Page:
Does OD and Wavelength Need to be Posted on Goggles?

Wondering what your eyewear needs to be acceptable as laser safety goggles?

Does OD and Wavelength Need to be Posted on Goggles?

Does OD and Wavelength Need to be Posted on Goggles?Yes!
… well, most of the time.

In general, according to the American National Standards Institute, or ANSI, optical density (OD) and wavelength need to be posted on goggles for them to be acceptable for use. As with all things in life, however, there are some exceptions to this rule.

The most notable exception to this rule is IPL glasses. IPL, or Intense Pulse Lasers, use light that is not usually focused at a specific wavelength, but rather ranges across many wavelengths. The effect of IPL lasers comes not from a typical type of focused, narrow-wavelength beam like most lasers; rather, it comes from an intense pulse of bright light. The light, rather than being hyper focused, is instead very bright. For these glasses, OD and wavelength do not need to be posted on the goggles because they’re not protecting against specific wavelengths. IPL goggles just cut down on the brightness of the light, much like a pair of sunglasses.

For the vast majority of laser safety glasses, though, there is a simple answer to the question, “Does OD and wavelength need to be posted on goggles?” – Yes!

  • The ANSI standard for laser safety goggles in the United States requires the wavelengths and optical densities to be posted on all removable parts of laser goggles (frame front, left arm and right arm) for them to be acceptable for use with a laser.
  • If you are caught by the Occupational Safety and Health Administration, or OSHA, without appropriate laser safety goggles, you can be fined or reprimanded.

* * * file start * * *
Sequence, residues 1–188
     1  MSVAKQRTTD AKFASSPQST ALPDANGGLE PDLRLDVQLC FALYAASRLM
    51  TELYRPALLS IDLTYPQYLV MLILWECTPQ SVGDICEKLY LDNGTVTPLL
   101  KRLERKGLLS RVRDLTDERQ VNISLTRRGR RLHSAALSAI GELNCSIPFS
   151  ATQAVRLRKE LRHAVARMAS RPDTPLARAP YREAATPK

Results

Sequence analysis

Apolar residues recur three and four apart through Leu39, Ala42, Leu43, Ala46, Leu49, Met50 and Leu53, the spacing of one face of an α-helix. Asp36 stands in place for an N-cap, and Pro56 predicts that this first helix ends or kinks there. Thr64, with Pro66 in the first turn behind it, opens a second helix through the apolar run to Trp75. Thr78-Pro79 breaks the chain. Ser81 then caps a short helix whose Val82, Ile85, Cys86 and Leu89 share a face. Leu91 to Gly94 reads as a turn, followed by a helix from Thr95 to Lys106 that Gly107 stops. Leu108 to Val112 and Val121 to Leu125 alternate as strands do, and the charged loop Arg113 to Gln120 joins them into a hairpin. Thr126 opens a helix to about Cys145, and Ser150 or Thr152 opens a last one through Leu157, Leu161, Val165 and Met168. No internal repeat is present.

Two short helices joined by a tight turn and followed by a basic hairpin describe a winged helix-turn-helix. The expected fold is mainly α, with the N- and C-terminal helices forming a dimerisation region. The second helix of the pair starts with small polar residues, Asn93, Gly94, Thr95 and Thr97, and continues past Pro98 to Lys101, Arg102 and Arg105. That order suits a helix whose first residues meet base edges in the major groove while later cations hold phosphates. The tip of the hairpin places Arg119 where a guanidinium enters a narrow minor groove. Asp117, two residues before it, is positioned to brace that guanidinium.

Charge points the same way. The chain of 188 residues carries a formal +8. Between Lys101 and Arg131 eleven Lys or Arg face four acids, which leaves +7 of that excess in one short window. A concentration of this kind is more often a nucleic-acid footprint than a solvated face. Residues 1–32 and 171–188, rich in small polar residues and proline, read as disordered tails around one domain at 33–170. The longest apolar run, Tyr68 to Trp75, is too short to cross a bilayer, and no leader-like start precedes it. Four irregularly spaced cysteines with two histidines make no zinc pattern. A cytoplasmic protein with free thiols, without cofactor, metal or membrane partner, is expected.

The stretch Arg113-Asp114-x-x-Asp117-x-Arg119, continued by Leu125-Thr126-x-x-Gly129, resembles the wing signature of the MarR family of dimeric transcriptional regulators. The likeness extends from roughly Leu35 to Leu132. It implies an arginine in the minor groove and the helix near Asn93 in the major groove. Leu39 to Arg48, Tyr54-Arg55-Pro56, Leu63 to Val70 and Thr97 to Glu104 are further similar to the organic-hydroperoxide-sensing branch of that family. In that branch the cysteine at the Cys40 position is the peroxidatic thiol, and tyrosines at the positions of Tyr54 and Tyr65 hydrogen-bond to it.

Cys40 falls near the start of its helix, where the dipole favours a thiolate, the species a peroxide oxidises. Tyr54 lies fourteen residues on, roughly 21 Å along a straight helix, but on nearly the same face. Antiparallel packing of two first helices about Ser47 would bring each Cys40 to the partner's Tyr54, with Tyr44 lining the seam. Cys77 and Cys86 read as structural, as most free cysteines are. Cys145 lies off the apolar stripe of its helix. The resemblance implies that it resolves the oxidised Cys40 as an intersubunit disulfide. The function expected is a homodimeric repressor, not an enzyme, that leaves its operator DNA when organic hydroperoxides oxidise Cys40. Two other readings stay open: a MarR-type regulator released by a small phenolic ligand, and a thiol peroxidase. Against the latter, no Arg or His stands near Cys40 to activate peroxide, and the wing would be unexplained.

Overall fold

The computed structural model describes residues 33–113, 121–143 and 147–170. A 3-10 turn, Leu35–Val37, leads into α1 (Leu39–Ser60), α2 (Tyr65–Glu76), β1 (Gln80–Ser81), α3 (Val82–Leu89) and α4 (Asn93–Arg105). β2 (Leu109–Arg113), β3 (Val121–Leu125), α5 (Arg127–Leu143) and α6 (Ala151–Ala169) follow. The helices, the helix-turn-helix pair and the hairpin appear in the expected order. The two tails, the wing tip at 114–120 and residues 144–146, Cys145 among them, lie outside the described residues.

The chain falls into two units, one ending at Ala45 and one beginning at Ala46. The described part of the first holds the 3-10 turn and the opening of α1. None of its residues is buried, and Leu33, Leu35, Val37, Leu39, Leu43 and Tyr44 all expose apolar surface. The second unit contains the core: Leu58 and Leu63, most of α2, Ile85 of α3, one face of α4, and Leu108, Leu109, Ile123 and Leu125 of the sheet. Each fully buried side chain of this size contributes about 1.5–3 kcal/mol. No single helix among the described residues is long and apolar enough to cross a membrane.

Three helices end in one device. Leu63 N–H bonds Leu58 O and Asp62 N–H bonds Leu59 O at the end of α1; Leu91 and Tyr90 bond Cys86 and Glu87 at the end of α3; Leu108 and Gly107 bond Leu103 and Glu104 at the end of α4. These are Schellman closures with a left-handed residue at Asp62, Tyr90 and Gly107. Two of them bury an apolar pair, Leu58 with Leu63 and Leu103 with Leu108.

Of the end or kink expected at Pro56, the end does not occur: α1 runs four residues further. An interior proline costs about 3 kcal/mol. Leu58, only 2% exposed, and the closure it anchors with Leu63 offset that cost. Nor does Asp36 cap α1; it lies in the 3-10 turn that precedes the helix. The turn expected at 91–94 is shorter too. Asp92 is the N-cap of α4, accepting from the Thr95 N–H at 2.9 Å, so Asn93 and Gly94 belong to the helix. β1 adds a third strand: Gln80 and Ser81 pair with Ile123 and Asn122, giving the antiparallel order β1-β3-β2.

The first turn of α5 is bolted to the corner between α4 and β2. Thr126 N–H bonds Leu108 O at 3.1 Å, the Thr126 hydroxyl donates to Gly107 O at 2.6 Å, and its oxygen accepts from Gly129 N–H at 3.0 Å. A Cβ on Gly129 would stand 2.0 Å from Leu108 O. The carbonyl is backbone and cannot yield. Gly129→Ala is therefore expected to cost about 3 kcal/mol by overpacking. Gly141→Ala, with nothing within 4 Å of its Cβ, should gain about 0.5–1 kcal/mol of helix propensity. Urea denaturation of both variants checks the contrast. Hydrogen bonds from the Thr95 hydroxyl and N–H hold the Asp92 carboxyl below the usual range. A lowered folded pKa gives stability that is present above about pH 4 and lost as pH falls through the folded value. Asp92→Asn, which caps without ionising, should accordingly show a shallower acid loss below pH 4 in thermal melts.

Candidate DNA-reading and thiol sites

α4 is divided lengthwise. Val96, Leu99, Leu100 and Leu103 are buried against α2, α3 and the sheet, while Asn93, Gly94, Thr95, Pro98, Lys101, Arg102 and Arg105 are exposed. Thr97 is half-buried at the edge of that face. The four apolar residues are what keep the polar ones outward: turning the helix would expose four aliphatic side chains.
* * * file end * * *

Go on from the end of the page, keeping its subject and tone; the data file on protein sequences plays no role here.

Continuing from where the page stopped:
• Even if your glasses are appropriate for your laser, if the printing has come off and your OD and wavelength are no longer legible, they are no longer up to the ANSI standard and are not OSHA-approved.
  • Most IPL laser safety goggles do not need OD and wavelength posted on the goggles.
  • So, does OD and wavelength need to be posted on goggles? Yes, unless they’re for IPL.

If you aren’t sure if you have the right glasses for your laser, the OD and wavelength probably aren’t posted on them, which means that they’re probably not right for your laser!

Shop Laser Safety GlassesIf your laser safety goggles are ever in question, if you’re ever not sure whether they’re right for your laser, or if you’re ever unsure of whether you’re protected from hazards in your work environment, stop working and find out if you’re safe. Don’t ever allow yourself to be put in a situation where your vision is possibly in jeopardy, and always speak up if you’re uncomfortable or feeling unsafe at work. It’s not worth potentially permanent bodily injury to stay quiet. Be proactive about your safety!

If you have any questions about laser safety goggles or what’s right for you, please don’t hesitate to leave a comment below or visit our other posts. You can also look up further information about American laser standards in the ANSI Z136 standard. Thanks for reading, and stay safe!

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Does OD and Wavelength Need to be Posted on Goggles?

Wondering what your eyewear needs to be acceptable as laser safety goggles?

Does OD and Wavelength Need to be Posted on Goggles?

Does OD and Wavelength Need to be Posted on Goggles?Yes!
… well, most of the time.

In general, according to the American National Standards Institute, or ANSI, optical density (OD) and wavelength need to be posted on goggles for them to be acceptable for use. As with all things in life, however, there are some exceptions to this rule.

The most notable exception to this rule is IPL glasses. IPL, or Intense Pulse Lasers, use light that is not usually focused at a specific wavelength, but rather ranges across many wavelengths. The effect of IPL lasers comes not from a typical type of focused, narrow-wavelength beam like most lasers; rather, it comes from an intense pulse of bright light. The light, rather than being hyper focused, is instead very bright. For these glasses, OD and wavelength do not need to be posted on the goggles because they’re not protecting against specific wavelengths. IPL goggles just cut down on the brightness of the light, much like a pair of sunglasses.

For the vast majority of laser safety glasses, though, there is a simple answer to the question, “Does OD and wavelength need to be posted on goggles?” – Yes!